ThaRegul8r wrote:Nice strawman. And evidently you missed that Sharman and Cousy were among those who were in the Hall before 1980. You also conveniently fail to address the fact that—aside from Havlicek, who as I said, was a bona fide Hall of Famer and went in on the first ballot—the majority of the '60s Celtics in the Hall didn't make it until after Russell was named GOAT. How do you explain this? Put emotion aside, and advance a rational argument to account for why these other players weren't HoFers for a decade or more, but somehow they improved their resumes to HoF status. And why—again, I reiterate, with the exception of Havlicek, who was an obvious first ballot HoFer—did most of the players from that team who are in the Hall not enter until after Russel was officially pronounced the Greatest Player in NBA History.
I didn't miss them, nor did I intentionally throw out a straw man. It's just that, isht, you've got three no-doubt Hall of Famers, plus a bunch of other guys who, if not first-ballot guys, were clearly top-flight players. How much more do you need? Even in an era where the talent was condensed this still stands out.
How do I explain Hall of Fame voting? Frankly, large gaps between induction and retirement don't seem all that unusual. Artis Gilmore and Dennis Rodman, both of whom are no-doubters in my mind, haven't gotten in, and Adrian Dantley only just did, 20-some years after retirement. You can make a decent case for guys like Jack Sikma and Kevin Johnson as well, and they'll probably never get in. In contrast, they seemingly bend over backwards to accommodate active coaches.
Instead of explaining that, I guess I'd counter by asking why anyone would be surprised that players like Sam Jones (five-time All-Star, 15,000 career points, hit numerous historic shots) and Tommy Heinsohn (six-time All-Star, 18.6 career ppg) would get in. In light of what they did individually and collectively, I think it's pretty obvious they deserved to get in.
And for the record, those are the guys I'm talking about, not the K.C. Joneses and Frank Ramseys of the world, although they were quality players as well. Even if you take very solid players like that out of the rotation, those teams were still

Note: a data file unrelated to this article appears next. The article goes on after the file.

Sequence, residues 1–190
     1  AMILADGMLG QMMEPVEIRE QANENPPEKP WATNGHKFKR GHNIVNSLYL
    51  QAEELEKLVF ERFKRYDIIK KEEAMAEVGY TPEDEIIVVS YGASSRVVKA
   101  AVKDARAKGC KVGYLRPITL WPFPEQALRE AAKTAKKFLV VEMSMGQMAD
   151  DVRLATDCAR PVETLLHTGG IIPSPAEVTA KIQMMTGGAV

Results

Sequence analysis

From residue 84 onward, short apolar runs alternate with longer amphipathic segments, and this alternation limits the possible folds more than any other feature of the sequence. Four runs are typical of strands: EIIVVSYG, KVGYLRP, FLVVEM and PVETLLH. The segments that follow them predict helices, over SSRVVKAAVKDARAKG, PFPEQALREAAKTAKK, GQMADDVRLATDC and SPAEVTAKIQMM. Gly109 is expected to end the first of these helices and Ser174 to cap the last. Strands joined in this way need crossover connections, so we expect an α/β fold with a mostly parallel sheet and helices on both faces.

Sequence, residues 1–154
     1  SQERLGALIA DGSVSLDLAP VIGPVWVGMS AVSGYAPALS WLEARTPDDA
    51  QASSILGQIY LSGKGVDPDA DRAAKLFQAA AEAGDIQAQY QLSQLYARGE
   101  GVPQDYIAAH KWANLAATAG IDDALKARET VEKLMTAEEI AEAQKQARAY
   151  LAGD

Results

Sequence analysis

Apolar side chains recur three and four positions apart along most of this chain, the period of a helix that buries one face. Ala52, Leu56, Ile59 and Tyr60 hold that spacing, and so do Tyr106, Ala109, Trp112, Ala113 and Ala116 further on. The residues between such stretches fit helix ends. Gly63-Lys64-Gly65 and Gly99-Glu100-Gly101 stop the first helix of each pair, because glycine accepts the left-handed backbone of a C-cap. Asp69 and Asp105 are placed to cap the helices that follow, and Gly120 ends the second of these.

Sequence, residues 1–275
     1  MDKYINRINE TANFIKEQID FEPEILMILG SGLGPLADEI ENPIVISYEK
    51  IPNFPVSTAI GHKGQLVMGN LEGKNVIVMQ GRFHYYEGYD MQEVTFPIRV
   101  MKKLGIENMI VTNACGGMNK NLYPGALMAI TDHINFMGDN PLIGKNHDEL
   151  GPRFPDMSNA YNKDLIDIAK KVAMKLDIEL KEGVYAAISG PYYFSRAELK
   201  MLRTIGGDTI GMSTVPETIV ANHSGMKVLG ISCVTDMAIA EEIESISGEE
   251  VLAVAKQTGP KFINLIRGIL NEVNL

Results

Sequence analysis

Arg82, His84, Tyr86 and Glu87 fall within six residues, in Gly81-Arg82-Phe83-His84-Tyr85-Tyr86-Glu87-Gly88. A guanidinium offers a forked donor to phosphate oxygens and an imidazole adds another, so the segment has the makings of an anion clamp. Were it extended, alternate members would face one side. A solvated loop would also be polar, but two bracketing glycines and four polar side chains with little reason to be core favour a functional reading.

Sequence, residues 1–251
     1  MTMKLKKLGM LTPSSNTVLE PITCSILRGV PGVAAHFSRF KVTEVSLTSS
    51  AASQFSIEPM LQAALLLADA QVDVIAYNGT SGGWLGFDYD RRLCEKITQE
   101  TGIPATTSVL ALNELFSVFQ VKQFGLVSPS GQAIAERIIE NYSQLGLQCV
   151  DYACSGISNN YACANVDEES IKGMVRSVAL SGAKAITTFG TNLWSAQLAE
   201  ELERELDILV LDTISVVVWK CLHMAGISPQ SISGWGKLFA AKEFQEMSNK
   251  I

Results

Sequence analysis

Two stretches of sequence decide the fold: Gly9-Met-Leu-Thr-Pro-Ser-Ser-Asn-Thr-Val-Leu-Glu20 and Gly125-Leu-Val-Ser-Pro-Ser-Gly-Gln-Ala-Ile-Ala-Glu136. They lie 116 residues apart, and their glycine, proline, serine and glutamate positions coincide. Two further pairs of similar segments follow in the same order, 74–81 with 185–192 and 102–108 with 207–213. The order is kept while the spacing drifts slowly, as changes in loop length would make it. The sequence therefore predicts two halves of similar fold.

awesome -- and the Celtics usually needed everything they had as they rarely steam-rolled the competition.
And then, of course, there's the one guy that I have yet to see a single pro-Russell poster acknowledge -- Arnold "Red" Auerbach, one of the great innovators, coaches and personnel managers of all time. The same guy who had the foresight not only to project Russell into the pro game but to tell him that his scoring average would never, ever be a factor in contract discussions.
Of all the blessings Bill received during his career in terms of support, that was far and away the biggest, and I never see anyone acknowledge this. In contrast, clowns like Dolph Schayes and Butch Van Breda Kolff might have had him coming off the bench, or buckled under to owners who probably would have shipped him out because he wasn't scoring enough.
I don't bring any this up to knock Russell (too much) as I consider him among the top five players ever despite having a pretty substantial hole in his game. In terms of leadership, competitiveness, defense, rebounding and shot blocking, he was about as good as it gets. I'm going to vote for him this year, and at least four or five others.
But consider this -- in their head-to-head series, regular season and postseason, Wilt outscored and out-rebounded Russell every single time. Not most of the time. Every single one
, during 10 regular seasons and eight postseasons. Obviously, there's a hell of a lot more to the game than just these two areas, most of which Russell was masterful.
But what does this tell me? Russell was getting a lot of good, quality help to beat Wilt, and win championships, as often as he did. Certainly he was Reason No. 1. But there were more than enough others that I zero doubt that Bill was the most blessed player in NBA history.